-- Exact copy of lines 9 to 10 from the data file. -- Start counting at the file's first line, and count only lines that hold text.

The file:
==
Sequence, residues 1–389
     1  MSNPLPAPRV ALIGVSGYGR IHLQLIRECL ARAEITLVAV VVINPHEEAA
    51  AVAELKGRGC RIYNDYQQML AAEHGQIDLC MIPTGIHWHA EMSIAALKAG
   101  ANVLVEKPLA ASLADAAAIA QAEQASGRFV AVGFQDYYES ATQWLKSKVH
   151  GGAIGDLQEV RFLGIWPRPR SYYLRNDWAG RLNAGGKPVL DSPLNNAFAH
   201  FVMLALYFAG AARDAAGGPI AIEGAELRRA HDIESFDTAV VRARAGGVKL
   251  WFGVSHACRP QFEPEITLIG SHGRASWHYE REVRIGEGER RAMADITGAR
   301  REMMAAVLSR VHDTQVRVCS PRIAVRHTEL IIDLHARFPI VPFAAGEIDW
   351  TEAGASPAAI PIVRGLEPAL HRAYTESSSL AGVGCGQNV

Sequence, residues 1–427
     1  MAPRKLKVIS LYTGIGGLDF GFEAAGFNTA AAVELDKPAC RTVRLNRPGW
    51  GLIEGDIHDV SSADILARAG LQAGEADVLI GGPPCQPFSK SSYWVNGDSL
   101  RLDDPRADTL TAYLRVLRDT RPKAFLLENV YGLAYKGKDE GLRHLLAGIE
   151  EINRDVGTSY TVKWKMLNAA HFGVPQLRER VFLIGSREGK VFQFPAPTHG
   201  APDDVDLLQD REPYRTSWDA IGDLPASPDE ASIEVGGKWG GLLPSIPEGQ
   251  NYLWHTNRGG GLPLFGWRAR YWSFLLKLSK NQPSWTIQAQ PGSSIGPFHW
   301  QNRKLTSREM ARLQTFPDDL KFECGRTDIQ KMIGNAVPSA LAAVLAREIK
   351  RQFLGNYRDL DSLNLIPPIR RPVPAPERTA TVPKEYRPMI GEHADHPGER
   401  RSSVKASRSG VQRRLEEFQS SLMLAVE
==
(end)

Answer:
   351  TEAGASPAAI PIVRGLEPAL HRAYTESSSL AGVGCGQNV

Sequence, residues 1–427